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On Wednesday, March 28, 2007, Nancy Birdsall testified before the U.S. House of Representatives Subcommittee on the Western Hemisphere of the House Foreign Affairs Committee. Dr. Birdsall, who leads CGD's initiative on Globalization and Inequality, took this opportunity to explain how the U.S. can improve efforts to attack poverty and inequality in Latin America.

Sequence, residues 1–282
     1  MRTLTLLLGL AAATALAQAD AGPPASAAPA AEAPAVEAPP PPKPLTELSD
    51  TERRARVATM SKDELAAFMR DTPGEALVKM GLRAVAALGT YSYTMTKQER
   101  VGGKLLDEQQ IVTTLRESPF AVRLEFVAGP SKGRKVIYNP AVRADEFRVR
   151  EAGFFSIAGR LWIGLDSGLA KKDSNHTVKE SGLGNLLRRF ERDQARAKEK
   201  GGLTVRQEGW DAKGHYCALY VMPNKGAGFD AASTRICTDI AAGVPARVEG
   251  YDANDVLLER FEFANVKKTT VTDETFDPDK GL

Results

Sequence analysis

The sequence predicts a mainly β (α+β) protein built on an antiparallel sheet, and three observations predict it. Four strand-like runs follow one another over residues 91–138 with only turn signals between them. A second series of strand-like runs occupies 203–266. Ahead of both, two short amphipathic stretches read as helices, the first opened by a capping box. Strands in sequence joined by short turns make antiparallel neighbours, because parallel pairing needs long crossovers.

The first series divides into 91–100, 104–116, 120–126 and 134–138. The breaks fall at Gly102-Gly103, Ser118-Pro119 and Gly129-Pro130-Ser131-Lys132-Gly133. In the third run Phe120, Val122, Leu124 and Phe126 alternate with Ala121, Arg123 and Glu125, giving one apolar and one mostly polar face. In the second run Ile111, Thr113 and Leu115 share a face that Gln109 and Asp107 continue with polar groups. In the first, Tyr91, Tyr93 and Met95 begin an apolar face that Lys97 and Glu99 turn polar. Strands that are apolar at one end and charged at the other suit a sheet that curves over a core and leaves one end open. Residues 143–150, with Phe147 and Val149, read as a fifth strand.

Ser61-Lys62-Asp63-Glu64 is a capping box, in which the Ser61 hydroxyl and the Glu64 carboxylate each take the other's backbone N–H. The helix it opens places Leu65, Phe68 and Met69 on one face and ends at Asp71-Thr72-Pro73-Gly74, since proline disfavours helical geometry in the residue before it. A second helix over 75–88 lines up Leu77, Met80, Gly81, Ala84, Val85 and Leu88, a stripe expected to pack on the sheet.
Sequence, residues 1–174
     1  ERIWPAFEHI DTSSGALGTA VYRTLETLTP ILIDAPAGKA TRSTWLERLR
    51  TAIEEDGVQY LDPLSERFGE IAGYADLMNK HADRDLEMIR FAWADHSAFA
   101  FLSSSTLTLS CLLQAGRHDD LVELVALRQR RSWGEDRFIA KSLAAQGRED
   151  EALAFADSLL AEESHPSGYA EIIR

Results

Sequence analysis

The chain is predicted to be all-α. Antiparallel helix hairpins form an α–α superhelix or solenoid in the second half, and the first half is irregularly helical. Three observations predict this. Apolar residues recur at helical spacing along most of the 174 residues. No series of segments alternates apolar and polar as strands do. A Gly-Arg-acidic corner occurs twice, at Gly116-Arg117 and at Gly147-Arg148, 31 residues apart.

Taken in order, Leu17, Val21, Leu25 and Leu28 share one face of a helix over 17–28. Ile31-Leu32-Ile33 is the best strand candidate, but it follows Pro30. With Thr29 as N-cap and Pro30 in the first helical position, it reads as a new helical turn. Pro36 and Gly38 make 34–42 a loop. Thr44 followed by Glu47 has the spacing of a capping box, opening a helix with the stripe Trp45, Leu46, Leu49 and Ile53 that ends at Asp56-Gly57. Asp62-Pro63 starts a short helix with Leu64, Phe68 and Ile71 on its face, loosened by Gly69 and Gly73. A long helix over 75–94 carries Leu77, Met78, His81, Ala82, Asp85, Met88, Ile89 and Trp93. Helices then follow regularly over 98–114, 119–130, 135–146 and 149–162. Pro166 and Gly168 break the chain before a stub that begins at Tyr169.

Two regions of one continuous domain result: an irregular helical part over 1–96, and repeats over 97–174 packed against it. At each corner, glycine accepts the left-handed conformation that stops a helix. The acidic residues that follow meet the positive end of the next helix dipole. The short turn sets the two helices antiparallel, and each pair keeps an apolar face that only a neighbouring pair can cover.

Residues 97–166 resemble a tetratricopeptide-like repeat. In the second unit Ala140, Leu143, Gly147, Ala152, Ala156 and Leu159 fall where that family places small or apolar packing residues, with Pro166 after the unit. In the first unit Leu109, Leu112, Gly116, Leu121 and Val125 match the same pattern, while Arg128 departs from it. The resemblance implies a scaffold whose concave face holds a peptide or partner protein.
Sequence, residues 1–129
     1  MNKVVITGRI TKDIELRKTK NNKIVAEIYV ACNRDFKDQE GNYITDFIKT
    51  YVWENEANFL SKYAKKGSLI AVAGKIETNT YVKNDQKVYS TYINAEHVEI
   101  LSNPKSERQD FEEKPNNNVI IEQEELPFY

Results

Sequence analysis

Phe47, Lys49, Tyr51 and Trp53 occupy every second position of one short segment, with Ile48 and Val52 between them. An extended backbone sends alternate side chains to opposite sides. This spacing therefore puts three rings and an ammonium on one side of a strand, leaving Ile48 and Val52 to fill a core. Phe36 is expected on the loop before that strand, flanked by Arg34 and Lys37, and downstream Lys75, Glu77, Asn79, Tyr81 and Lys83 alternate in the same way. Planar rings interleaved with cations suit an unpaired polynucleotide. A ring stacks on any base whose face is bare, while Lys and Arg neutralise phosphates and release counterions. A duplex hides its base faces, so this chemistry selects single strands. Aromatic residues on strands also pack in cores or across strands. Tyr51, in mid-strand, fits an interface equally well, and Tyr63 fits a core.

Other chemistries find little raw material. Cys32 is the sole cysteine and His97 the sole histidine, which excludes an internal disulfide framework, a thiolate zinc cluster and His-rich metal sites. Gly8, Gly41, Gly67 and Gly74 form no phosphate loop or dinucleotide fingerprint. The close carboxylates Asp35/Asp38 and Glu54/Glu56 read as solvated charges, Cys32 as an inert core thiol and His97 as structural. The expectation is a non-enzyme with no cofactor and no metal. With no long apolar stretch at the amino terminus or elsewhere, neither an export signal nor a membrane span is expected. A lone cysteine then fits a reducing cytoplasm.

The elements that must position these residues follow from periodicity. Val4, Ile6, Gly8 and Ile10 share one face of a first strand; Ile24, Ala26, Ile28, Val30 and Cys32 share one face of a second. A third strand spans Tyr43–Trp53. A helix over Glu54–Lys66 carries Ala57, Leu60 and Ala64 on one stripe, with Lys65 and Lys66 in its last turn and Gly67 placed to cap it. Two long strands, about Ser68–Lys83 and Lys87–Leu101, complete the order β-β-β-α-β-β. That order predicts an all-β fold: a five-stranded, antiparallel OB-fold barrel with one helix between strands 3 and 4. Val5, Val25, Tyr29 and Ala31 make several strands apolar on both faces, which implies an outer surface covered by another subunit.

For the first time in the last two or more decades, and in marked contrast to the situation in the 1990s, there is now a risk that several countries will become more statist and protectionist in their approach to economic policy. Worse with the spread of populist demagoguery there is the risk that the region's democracies will founder. And Chavez's willingness to use his oil spoils to buy new strategic allies in (and outside the region) is a larger problem for the U.S. Though it would be wrong to exaggerate his appeal in the region, he is clever and oil makes him rich, at least for now. His anti-American campaign raises the risk that unless the U.S. responds, some of its key allies in the region will see their domestic political position deteriorate, and the U.S. could lose their support on geostrategic issues and in the global battles against terror, drug trafficking, money laundering and other illicit activities. U.S. investors and exporters could also lose out, if more leaders try to satisfy voters with renationalization of industries and trade protection. The basic problem is that his "model" of a more socialist system with more emphasis on the needs of the poor, for all its fundamental flaws, falls on grounds made fertile by voters’ growing awareness that their existing social and economic systems are fundamentally unfair.1